Innovation

Spend a day with a SpaceX astronaut

May 30, 2020, marked the first ever commercial crew launch to the International Space Station.

Anadolu Agency/Anadolu Agency/Getty Images

That day also marked the return of US human spaceflight, 9 years after NASA’s shuttle program ended in 2011.

Space Frontiers/Archive Photos/Getty Images

Here’s how the day went.

GREGG NEWTON/AFP/Getty Images

Saturday, May 30 started with 50% chance of favorable weather conditions.

Around noon Eastern time, the astronauts said goodbye to their families and climbed into a Tesla Model X to ride 9 miles to the launch site.

Just after 12:33 p.m., Benkhen and Hurley boarded the crew capsule.

NASA/Getty Images News/Getty Images

Around 2:37 p.m., after necessary checks and weather updates, officials began loading the liquid oxygen and rocket grade kerosene fuel.

Then the waiting began.

“Have an amazing flight and enjoy those views of our beautiful planet,” Space X told Behnken and Hurley, just minutes before launch.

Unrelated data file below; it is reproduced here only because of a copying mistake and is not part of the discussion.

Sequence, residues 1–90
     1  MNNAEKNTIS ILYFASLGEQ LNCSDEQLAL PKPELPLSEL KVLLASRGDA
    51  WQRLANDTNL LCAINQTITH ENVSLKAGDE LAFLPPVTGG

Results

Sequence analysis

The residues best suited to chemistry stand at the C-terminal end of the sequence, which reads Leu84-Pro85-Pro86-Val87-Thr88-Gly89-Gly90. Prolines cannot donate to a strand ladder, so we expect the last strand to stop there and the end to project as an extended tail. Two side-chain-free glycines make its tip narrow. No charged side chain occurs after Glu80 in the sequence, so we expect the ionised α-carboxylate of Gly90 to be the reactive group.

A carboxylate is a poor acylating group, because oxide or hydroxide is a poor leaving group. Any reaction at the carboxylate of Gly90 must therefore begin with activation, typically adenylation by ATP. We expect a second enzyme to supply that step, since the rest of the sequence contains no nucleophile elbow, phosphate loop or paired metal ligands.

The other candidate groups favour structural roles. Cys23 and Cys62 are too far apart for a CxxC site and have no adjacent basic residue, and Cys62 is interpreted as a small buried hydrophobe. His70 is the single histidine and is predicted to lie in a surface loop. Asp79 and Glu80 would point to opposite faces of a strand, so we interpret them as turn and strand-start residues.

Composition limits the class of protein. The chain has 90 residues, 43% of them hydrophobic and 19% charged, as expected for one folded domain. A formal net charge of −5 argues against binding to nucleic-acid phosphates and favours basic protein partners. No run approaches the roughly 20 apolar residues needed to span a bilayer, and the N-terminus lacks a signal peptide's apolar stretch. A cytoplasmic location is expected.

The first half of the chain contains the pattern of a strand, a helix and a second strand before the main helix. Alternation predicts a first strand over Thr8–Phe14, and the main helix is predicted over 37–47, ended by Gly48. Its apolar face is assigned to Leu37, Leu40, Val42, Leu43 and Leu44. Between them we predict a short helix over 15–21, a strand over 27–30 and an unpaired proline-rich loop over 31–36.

NASA

“SpaceX, Dragon. We’re go for launch. Let’s light this candle,” Hurley said, 15 seconds before launch.

Handout/Getty Images News/Getty Images

At 3:22 p.m. Eastern Time, the Falcon 9 rocket lifted off, pushing on the Earth with 1.7 million pounds of thrust.

Handout/Getty Images News/Getty Images

Twelve minutes into flight, the Dragon Crew capsule separated from the Falcon 9 rocket and entered orbit. “Thanks for flying on Falcon 9 today – we hope you enjoy the mission,” SpaceX Chief Engineer Bala Ramamurthy said to the astronauts.

At about 9:30 a.m. May 31, the astronauts took manual control of the Dragon Crew capsule and started approaching the ISS.

At 10:30 a.m., the Dragon Crew capsule completed its docking sequence.

At 1:23 p.m., Behnken and Hurley entered the ISS and greeted their fellow astronauts.

“It's great to get the United States back in the crewed launch business and we're just really glad to be onboard this magnificent complex," Hurley said in a NASA statement.

The astronauts could spend as long as four months on the station before heading back to Earth, NASA says.

Share